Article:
I know my history has shaped my character behaviour and expectations from life. Obviously with my boys it's the same. To the best of my knowledge they've not been abused or neglected since they were born. They had excellent foster carers. But something about their view of the worlds is not the same as mine. At least at an unconscious level. Being taken from your birth mother immediately after birth, swapping parents yet again as a toddler... it must do something to you at a really deep level. They see us as 'Mum and Dad', but - do they have any deep anxieties about the permanence of their stay with us? We have always stressed to them that they live with us forever or until they want to leave as grown-ups, and that even when they leave they can always come home. We've explained that we want them, that they belong, we've told them why they couldn't stay with their previous carers. But is that enough? I don't know. I don't know what could be enough. Both of them really live in the 'now' and don't look ahead too much. Both (especially Pup) put the past behind them very thoroughly. When his key worker left his preschool for a new job she came to us to explain, and warn us that she thought Pup would be upset as he seemed very attached to her. He never mentioned her again, didn't remember her name after a month or two and didn't seem to recognise other preschool helpers even a few weeks after leaving preschool. Is that him ruthlessly 'putting the past behind him', or is it poor memory?
At the moment they are both going through a phase of "When I was a baby / a toddler / with first mummy I did..... such and such." It seems totally innocuous and I tend to play along, apart from reminding them occasionally that they have never lived with her since they were born. I don't wish to keep correcting them, but I do wonder how many 'false memories' they are building up! Also I forget how much of what we've told them that they do forget. Yesterday Pup took the news that he had another younger sibling with great surprise, despite us talking about the sibling many times in the past, showing him photos etc. He was asking to meet them, and sad that he couldn't - at least until they were both grown up. He hasn't asked to meet any other of his birth family.
My boys are very similar in many ways. Both extrovert, noisy, hyper, musical, advanced readers (although not keen readers), good with words, demanding, affectionate, loving buttons, levers and any sort of techy stuff. Not artistic, not great lovers of doing things with their hands - e.g. Lego - (but both terrible 'fiddlers'!). I have to assume that most of these traits come from their birth mother. But their short attention spans, restlessness, chaotic behaviour, Pups hypermobility and other behavioural issues, Tigs anarchic behaviour.....where are these from? When you adopt the 'nature versus nurture' issue is always at the back of your mind. And the fear of how much they have been damaged by their past. I am very happy that Pup always feels he can express his feelings; he tells us if he is happy or sad. This morning he was talking about how he was afraid to go back to school, and how he liked it less this year because he loved his teacher of last year. But what feelings are churning away deep inside him, to come out later? He has insecurites about change and leaving places..... is this him, or is it his past? Tigs anarchism - is it a reaction to all he has experienced?
They are not the children I expected to have.... But then who ends up with the kids they expect? My birth kids would be introverted, very quiet, artistic, avid readers and model makers, probably nervous and maybe somewhere on the autistic spectrum - if they took after me that is. My husband is similar in many ways. On the other hand they may have turned out totally different to both of us. I am not disappointed that my children are different. It makes me happy to see that they are interested in things I enjoy; but I also love to see them developing their own interests and characters. Of course we are influencing them all the time... but how much??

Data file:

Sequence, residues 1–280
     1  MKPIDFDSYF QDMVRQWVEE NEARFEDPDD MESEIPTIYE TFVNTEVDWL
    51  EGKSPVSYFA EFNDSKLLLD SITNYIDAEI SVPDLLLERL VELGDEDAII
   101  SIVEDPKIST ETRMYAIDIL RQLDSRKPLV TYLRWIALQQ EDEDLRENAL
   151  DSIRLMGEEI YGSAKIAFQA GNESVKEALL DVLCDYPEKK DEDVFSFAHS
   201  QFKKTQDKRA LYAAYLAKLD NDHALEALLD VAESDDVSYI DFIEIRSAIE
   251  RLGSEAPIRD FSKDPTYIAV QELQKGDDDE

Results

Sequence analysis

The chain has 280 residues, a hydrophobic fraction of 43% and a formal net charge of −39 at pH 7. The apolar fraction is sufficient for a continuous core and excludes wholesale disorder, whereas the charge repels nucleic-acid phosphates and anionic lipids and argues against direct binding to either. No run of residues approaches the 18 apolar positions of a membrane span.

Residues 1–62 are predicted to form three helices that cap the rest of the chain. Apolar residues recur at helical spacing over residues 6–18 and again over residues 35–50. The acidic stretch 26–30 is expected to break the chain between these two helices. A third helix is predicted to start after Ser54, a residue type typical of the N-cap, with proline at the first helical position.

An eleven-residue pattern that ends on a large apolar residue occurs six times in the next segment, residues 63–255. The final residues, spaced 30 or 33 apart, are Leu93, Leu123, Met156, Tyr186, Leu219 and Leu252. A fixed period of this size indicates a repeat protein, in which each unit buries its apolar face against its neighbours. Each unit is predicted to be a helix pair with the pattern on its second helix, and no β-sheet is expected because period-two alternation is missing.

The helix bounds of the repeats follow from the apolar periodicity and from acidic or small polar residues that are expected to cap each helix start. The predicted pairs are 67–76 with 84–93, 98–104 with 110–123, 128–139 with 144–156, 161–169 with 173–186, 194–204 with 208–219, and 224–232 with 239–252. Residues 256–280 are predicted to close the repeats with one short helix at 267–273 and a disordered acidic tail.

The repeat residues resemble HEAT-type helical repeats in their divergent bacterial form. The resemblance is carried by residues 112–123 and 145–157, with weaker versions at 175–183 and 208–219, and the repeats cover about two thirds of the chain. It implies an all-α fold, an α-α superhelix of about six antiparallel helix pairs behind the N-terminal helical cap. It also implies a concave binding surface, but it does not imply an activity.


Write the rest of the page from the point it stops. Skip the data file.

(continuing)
Unanswered questions, and most probably never to be answered. Don't need answering. My boys 'am who they am'. But I worry in case any of their behaviour is due to 'damage' and may cause them problems later, in their relationships, school lives, working lives, faith.... The good bit is that I think we are a close family, the boys love each other and us, and we all feel free to say so; we love to be together (mostly!). I hope we can build strong enough walls here to keep them safe.
Social services are likely to be called in to a house in England
where a cruel and heartless Mum was reported to the police by her son Pup, nine years old with Cystic Fibrosis, after forcing him to wear
socks. The home is unheated at present due to a broken boiler.
Pup feels his human rights are being violated by this abuse, and claims the right to have frozen feet if he wants to. (please note, he hasn't reported me yet, but it won't be long)
2011 was a hard year for us. 2012 had its moments. We are hoping for an easier and less painful year in 2013. Wishing the same to all our family and friends.
Somehow the changeover of year seemed really significant this time round, not sure why. We actually stayed up for it, for the first time for some years - partly by accident I have to say, we just hadn't bothered to go to bed. The boys haven't asked to stay up yet, and we are not tempted to suggest it to them! Our house is a bit chilly at present as the boiler has gone caput. Not a disaster as it isn't too cold and we've got a cosy gas fire in the lounge; but it means no showers or baths and nowhere to dry clothes. The gas man has promised to return tomorrow with a replacement part (do not ask me what, boilers are a mystery beyond my understanding) So we may have heat by tomorrow night!
We don't seem to have achieved a lot since Christmas, boys are still
tired at times and Tigs in particular is cranky. We took them to look at
a steam railway museum yesterday to their delight. They are not at all good with
the sort of museums that are 'look and don't touch' but this was very
different. You could get up close to many of the trains and even inside
some of them. Tigs and Pup are very 'hands on' children, so they thought
that this was great